Once upon a time in the West Country

Scott Oliver
Double Gloucester: Kim Barnett indicates a fourth successful trip to Lord’s

Last Monday, SPIN magazine published a ten-page interview I conducted with two Stoke-on-Trent-born former professional cricketers who, despite an age difference of 13 years, both arrived from different parts of the East Midlands to play for Gloucestershire in 1999, coincidentally the start of an unparalleled run of success for the minnows. Under the innovative and remorseless leadership of Kiwi coach John Bracewell, Kim Barnett and Jeremy Snape helped the county to five trophies in two seasons, turning their Bristol ground into a fortress. All of which contrasts sharply to the recent experiences of neighbours Somerset, five-time limited-overs final losers in the last three seasons, with a last-afternoon County Championship heartache in 2010 thrown in for good measure. 

The piece therefore shares the title of this post, and aims to dissect the secrets of Gloucestershires success in such a way that might assist Somerset. Of course, with the magazine on general sale (at WH Smith, priced £3.95), I cannot reproduce the interview here, but below you can read the questions I asked:  

Interview Questions :

Given that you each have vast experience skippering county sides and have both been involved on the coaching side of things, I was wondering what words you would offer this group of Somerset players, both as ex-players with many medals and, hypothetically, if you happened to be their coach or captain. 

It seems to me that the Somerset side has many good ingredients for success: plenty of all-rounders, power-hitting, variety in the attack, young and agile bodies in the field… What are they missing?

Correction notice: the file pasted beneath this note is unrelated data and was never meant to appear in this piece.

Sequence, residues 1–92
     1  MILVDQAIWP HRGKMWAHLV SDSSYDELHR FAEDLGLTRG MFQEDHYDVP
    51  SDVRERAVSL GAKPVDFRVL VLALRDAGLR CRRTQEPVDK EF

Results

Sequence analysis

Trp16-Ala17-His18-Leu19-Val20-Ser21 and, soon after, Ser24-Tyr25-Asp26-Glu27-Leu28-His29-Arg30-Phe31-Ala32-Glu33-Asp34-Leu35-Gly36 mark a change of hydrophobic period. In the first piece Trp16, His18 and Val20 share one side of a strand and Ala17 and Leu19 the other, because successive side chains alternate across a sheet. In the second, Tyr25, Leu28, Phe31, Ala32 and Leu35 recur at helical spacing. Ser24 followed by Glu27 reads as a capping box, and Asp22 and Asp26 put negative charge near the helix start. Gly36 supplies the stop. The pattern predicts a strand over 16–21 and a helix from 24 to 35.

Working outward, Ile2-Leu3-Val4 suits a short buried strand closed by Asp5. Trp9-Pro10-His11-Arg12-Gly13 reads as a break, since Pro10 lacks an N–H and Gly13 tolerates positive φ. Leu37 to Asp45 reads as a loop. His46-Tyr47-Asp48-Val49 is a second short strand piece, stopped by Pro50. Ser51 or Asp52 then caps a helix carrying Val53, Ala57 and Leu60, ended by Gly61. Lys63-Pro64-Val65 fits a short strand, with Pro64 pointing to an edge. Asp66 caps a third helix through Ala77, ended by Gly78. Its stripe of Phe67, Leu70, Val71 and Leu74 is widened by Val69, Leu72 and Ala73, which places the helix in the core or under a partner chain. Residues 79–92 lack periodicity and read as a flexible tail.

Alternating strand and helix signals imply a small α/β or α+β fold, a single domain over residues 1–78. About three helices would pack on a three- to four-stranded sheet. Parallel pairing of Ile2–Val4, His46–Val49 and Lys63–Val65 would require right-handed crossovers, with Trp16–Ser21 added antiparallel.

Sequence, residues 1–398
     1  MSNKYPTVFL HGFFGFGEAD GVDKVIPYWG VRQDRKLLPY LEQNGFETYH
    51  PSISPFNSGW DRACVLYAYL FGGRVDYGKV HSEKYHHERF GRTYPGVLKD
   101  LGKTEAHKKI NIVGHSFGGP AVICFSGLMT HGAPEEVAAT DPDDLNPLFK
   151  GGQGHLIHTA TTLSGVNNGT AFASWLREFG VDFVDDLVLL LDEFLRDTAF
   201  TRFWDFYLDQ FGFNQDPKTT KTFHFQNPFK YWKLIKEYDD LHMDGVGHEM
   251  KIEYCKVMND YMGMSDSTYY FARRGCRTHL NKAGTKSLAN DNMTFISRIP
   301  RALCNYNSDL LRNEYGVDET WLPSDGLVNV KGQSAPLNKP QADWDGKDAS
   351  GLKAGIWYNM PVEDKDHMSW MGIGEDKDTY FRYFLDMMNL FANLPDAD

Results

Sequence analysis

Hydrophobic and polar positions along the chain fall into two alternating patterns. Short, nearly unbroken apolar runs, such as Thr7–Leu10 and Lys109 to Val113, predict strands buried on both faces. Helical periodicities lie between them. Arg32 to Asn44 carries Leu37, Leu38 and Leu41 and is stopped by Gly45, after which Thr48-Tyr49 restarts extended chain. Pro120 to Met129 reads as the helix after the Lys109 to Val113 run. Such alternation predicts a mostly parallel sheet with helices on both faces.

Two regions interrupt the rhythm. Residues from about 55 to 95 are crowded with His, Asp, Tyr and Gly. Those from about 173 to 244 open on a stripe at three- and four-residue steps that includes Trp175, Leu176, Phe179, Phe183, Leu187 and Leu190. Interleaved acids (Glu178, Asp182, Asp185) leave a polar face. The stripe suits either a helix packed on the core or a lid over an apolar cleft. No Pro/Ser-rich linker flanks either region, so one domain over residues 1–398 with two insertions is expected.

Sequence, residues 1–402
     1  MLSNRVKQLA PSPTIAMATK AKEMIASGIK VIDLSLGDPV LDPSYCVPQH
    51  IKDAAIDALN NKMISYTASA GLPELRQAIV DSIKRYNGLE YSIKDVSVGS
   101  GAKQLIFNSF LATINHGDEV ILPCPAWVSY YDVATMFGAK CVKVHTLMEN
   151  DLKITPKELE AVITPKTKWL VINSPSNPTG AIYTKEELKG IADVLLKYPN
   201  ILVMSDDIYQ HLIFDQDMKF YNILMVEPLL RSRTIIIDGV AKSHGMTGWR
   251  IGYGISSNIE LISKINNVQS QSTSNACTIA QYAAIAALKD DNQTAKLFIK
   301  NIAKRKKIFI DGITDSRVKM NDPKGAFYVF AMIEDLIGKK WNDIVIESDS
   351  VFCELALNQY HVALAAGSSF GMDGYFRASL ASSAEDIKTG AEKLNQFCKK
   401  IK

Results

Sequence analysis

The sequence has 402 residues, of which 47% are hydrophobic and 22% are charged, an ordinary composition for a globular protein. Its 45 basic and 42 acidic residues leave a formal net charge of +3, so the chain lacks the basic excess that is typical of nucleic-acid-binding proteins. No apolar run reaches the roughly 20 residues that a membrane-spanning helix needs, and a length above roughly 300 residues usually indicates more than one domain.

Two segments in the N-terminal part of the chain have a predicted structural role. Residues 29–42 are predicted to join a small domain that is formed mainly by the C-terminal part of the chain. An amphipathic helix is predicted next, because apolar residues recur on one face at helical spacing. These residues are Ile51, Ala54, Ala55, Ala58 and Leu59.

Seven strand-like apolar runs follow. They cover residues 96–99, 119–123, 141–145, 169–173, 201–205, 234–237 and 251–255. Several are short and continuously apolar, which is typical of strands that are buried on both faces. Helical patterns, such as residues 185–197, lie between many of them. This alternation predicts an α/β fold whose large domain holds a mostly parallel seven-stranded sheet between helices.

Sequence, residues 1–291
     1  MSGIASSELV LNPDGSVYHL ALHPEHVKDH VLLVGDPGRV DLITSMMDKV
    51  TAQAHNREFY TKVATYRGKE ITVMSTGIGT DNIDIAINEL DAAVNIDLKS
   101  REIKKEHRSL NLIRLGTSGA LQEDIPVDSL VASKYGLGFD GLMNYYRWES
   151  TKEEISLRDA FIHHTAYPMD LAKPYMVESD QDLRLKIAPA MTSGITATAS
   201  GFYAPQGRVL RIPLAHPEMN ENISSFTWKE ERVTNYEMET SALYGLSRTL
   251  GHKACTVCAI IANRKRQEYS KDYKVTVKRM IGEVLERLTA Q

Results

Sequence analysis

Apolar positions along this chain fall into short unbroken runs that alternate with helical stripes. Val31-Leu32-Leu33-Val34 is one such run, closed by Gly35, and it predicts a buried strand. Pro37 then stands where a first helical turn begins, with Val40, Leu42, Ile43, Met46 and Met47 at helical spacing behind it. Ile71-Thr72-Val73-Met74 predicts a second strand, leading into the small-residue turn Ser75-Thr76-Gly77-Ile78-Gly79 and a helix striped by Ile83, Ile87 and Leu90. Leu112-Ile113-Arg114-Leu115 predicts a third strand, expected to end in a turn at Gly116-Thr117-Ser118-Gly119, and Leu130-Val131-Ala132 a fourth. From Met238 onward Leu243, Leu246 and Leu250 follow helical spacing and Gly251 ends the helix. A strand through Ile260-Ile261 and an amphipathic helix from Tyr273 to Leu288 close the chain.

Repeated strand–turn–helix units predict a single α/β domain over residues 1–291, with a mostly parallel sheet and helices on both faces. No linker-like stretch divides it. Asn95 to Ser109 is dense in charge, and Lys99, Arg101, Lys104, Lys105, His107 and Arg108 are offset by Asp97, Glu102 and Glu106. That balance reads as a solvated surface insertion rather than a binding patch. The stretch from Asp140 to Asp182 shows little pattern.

So, what do you think are the principal qualities of a successful one-day side? Tactical, technical, psychological elements, maybe…

How much is successful limited-overs cricket about executing a well thought-out game plan (even one that changes from match to match), and how much is adapting quickly to fluctuations in the match situation? 

One of the oft-heard truisms of cricket coaching is the mantra: “know your roles”. Is there a danger that this can be a little rigid? After all, not every game goes according to plan. So, how flexible are these roles? Do the roles have to fit the players’ skills or, conversely, do the players simply have to adapt to a role, or task, dictated by the match situation’s demands?  

Other than Jack Russell and maybe Ian Harvey, who’d end up playing 73 ODIs, there were no real stars in the team. A few of you had picked up a handful of international caps, or would go on to do so, but that team seemed the quintessential case of a whole adding up to more than the sum of its parts (the Man of the Match awards were well shared out). Is that fair enough? And would you say Somerset maybe don’t yet add up to their individual parts?